I get asked this question quite a bit when I tell people I do digital marketing strategy for a living. Even those who have an idea of what digital marketing is about still find it hard to place a finger on what the term “digital marketing” exactly means. I was grateful to find a blog post asking and answering this very question “What is Digital Marketing Anyway?” The blog post has a good answer and comes with an amazingly comprehensive infographic explaining what digital marketing encompasses. I have posted the infographic below for your convenience.
Responsive web design is a web design technique where the website automatically adapts based on the device. I always show people the BostonGlobe.com website when explaining responsive design. Visit the website on a desktop browser and resize the width of the browser. As you will see, the content re-prioritizes itself based on the width. The idea behind responsive web design is that a single website can provide an optimal experience on all device types. This would include smartphone, tablets, laptops and desktops.
Now the question is when should you choose a responsive design website and when should you go for a straight up mobile version of your website. Google has a comprehensive post on its blog on the subject. But here is a quick chart to help you make that decision:
I think it is better to go with a responsive design website. The extra development time and budget required will be absolutely worth it. Who wants to maintain two websites anyway?
An online retailer has pledged to attach a 6.8 percent tax to any purchases made from the Internet Explorer 7 browser.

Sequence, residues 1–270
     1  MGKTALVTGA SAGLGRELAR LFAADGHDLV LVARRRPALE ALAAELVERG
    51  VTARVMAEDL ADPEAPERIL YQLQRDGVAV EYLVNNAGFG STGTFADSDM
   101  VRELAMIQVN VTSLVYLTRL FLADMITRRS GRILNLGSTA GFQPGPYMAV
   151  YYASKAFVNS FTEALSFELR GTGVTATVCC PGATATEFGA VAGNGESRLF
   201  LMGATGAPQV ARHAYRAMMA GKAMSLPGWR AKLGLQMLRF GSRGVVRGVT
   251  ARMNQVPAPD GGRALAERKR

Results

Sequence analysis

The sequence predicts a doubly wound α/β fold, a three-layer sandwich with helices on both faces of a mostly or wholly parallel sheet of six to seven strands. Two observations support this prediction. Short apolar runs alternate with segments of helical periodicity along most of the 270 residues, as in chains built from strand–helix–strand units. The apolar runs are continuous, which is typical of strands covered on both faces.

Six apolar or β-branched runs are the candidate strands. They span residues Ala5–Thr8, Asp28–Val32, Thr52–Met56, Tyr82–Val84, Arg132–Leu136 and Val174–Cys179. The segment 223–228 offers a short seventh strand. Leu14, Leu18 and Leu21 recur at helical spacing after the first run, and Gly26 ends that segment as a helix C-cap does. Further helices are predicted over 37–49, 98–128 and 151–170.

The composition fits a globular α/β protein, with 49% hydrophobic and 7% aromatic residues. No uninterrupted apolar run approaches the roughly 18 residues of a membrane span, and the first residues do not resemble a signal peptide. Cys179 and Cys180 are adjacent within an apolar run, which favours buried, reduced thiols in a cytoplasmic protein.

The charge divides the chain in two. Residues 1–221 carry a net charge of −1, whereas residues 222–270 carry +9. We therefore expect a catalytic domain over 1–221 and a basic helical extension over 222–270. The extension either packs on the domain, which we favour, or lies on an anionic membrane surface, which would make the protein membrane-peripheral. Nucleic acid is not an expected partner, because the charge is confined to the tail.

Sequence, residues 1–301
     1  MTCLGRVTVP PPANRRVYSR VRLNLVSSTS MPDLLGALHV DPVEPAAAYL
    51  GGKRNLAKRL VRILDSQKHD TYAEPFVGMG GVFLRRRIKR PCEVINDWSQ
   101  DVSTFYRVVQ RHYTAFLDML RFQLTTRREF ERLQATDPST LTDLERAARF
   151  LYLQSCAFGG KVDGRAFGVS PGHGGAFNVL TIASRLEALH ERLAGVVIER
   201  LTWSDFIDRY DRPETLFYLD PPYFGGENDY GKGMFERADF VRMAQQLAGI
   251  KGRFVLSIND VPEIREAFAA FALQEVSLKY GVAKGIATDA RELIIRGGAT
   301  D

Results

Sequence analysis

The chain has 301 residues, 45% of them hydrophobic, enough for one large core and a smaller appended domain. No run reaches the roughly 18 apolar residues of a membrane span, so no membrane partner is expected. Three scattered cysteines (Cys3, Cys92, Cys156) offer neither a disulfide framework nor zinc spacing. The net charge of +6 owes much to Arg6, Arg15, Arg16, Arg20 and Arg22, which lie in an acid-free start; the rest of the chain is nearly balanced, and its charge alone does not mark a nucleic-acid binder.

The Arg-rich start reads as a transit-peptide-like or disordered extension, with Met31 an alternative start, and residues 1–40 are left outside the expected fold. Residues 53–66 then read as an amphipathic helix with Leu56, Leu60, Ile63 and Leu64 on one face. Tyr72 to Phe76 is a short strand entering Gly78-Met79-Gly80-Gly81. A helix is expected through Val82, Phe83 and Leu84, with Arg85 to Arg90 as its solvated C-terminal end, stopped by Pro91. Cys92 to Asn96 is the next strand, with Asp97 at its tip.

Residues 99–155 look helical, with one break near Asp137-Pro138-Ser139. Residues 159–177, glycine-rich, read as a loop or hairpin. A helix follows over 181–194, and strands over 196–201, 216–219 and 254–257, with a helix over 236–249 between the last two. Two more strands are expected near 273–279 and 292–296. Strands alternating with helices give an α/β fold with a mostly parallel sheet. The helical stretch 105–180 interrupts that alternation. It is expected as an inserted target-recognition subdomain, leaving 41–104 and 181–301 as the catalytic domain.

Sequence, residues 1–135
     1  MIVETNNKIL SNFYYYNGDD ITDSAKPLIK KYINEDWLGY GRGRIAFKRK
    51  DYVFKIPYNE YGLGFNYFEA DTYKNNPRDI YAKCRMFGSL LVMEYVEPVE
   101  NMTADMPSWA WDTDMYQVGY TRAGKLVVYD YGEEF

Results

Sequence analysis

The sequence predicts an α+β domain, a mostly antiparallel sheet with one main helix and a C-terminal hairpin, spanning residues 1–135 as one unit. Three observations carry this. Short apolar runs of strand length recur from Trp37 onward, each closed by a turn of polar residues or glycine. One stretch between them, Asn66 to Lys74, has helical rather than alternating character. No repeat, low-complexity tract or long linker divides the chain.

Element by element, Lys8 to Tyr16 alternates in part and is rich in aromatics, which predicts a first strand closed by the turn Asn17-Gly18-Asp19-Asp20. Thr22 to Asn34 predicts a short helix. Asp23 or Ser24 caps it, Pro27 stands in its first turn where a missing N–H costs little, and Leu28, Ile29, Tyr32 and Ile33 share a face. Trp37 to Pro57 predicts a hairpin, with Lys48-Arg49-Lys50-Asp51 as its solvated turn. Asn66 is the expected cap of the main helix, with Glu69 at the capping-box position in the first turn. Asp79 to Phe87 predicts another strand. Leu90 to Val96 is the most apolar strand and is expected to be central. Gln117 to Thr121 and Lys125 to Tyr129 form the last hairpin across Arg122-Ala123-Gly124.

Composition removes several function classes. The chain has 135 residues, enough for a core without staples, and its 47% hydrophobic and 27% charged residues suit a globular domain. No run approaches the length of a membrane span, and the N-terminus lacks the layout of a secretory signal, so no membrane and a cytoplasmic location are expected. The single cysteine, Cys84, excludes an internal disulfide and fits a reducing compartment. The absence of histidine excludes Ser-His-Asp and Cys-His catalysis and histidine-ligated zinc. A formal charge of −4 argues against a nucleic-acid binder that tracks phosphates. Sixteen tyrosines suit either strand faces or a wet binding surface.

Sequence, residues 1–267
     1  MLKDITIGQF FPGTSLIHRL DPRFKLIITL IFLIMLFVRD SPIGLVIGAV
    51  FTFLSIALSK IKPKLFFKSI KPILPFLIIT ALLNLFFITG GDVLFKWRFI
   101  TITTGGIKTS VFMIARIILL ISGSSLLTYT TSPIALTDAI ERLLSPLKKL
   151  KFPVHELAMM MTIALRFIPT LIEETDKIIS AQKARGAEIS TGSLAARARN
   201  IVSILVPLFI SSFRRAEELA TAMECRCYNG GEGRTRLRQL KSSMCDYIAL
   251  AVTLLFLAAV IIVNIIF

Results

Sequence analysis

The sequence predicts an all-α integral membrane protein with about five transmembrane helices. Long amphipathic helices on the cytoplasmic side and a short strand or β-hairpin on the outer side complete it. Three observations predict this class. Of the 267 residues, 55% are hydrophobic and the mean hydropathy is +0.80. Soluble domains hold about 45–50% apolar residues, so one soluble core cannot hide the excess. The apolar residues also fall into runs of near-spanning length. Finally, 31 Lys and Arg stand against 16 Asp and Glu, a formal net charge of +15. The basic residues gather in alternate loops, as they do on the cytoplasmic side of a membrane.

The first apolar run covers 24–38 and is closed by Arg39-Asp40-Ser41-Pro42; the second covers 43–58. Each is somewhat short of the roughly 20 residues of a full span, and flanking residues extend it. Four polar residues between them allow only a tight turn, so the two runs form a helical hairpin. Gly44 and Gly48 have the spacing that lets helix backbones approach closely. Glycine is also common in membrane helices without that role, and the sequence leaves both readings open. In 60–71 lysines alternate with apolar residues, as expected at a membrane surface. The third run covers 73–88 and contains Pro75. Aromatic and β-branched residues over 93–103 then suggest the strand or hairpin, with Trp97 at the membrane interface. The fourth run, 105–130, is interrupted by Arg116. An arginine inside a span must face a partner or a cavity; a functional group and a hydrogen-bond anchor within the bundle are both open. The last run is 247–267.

The added fee went into effect yesterday on Kogan.com and shows up as “Internet Explorer 7 TAX (6.8%) on a user’s bill upon checkout. This can, of course, be avoided by upgrading to the most recent version of Internet Explorer, IE9, or using another, current browser.
“The way we’ve been able to keep our prices so low is by using technology to make our business efficient and streamlined,” Kogan wrote in a blog post. “One of the things stopping that is our Web team having to spend a lot of time making our new website look normal on IE7.”
Why 6.8 percent? Kogan said it is 0.1 percent for every month IE7 has been on the market.
Those on non-Microsoft browsers will not face a surcharge; Mozilla’s Firefox and Google’s Chrome employ frequent, automatic updates, so users do not have to worry about upgrading themselves.
What do you think?
Should IE 7 users be taxed like this?
I just read on GeekWire where a Microsoft exec claims Bing is as good or better than Google. Here is what the introductory paragraph says:
Microsoft’s internal testing shows that Bing’s search results are quantifiably as relevant or, in some cases, more relevant than those from Google’s search engine.
So I put the two search engines to a test. I searched for “weather in Gilbert, AZ” on both search engines. The results are below. Now you tell me which is more relevant to the user and which search engine is better.
Here is Google’s result. Accurate. To the point. Most importantly relevant.
Now here is Bing’s result. As a reminder, I searched for weather in Gilbert, AZ. Bing shows me weather from every big city in Arizona EXCEPT Gilbert, Az.
Now you tell me where my next search will be conducted? No amount of marketing will change this kind of perception if Bing can’t deliver on basic, common searches phrases.
The mobile web is exploding. Every business strategy decision needs to consider the mobile web moving forward and for many brands there is little time to waste.